Dr. Periklis Gogas Associate Professor
Department of Economics Democritus University of Thrace, Greece
The year 2018 is a milestone for Greece, as it moves towards to the completion of the third economic adjustment program. That means that after the official end of the program in August 2018, Greece must take fate into its own hands, and try to borrow from the markets to meet its future debt obligations. As the country leaves behind the 8-year long memorandum era, the two main concerns for the Greek government and the banking sector are: a) a decision on the debt relief measures that should follow and b) a solution to the Non-Performing Loans (NPL’s) problem.
The International Monetary Fund openly declares what anyone with basic training in economics can see: Greece requires substantial debt relief from its European partners to restore debt sustainability. The main issue here is that the resolution of this problem mainly depends on political decisions from Greece’s EU partners that are hard to sell to their voters-tax payers. This is of outmost importance for the medium to long term stability of the Greek economy. On the other hand, the NPL’s problem is urgent and imperative.
Continue reading Greek NPL’s: Is there light at the end of the tunnel?
Dr. John Psarouthakis, Executive Editor.www.BusinessThinker.com.
Founder and Managing Director, www.jpmcenter.com
We all know that if we confiscate the entire 2017 earnings of the highest earners and sent it to Washington, you would solve almost nothing in Washington. Most of us, I hope, understand furthermore that pulling the One Percent’s wealth away from the capitalist funnel that feeds our economy would be worse than solving nothing; it would be a serious problem. This plan would, on the other hand, goad the very top layer of American wealth to do everything in its power to grow the economic pie.
I first thought of the plan applying to any person or entity with taxable income of $1 million a year or more. That was partly because a million dollars is certainly a nice income—but also because it’s an easy figure with which to work in sorting out numerical concepts. A $1-million cutoff would apply to an army of CEOs and business owners, but also to several battalions of quarterbacks, pitchers, power forwards, rock guitar players, actors, and media performers or executives. Applying the plan to the entire One Percent would cover any household making roughly $506,000 and up. Maybe the plan could be modified and applied effectively to affluent but somewhat lower pay grades. I don’t know. Economists and tax experts and actuaries and mathematicians who are whizzes with algorithms—lots of people need to have a go at fine-tuning and improving what I will call here “Economic Growth Corporations.”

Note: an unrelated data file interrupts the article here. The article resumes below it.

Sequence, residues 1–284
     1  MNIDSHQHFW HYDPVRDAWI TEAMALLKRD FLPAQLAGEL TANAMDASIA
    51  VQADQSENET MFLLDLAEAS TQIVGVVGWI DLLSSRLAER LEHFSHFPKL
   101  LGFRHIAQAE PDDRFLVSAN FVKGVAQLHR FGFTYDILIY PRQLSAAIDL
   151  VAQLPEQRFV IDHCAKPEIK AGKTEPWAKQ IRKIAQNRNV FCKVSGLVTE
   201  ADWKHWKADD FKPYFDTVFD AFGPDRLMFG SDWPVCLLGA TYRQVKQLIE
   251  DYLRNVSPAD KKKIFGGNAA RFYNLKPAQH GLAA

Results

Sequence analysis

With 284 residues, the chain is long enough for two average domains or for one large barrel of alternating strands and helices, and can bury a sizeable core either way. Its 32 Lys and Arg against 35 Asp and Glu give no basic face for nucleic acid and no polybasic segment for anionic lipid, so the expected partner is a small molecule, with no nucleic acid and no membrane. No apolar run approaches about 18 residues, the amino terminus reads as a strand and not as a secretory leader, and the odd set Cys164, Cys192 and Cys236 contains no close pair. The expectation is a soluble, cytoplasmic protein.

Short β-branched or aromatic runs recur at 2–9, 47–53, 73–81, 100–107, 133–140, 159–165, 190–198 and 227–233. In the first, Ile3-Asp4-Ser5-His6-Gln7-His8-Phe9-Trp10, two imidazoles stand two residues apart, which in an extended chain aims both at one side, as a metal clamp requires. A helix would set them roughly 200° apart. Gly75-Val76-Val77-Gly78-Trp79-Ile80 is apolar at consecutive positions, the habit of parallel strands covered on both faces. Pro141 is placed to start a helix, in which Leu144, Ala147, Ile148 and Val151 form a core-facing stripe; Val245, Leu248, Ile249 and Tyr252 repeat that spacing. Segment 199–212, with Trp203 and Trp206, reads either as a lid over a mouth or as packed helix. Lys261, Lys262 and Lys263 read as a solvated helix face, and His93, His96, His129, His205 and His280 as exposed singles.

These Economic Growth Corporations (EGCs) would not be think tanks, or advisory panels, or bureaucracies whose public benefit can be measured only via the most imaginative statistics. EGCs would be chartered to grow the economy in fact, not in theory and not as mere demonstration projects. EGCs would jumpstart our economic engine in ways numerous schemes, from “enterprise zones” to your town’s tax-abated industrial park, have never done.
Continue reading Instead of soaking the rich, create some new riches: an update
BY Timothy Garton Ash a British historian, author and commentator. He is Professor of European Studies at Oxford University.
What is populism? Where does it come from; where is it going? What does it mean for the world’s institutions and what can be done about? asks Dani Rodrik in introducing the inaugural talk by the Weatherhead Center Cluster on Global Populism with Tim Garton Ash, Professor of European Studies at St Antony’s College, Oxford, speaking at the Minda de Gunzburg Center for European Studies at Harvard last month.
This lecture has been published in the Social Europe Journal on
October 27, 2017. To listen to it please visit:
Does European Populism Exist?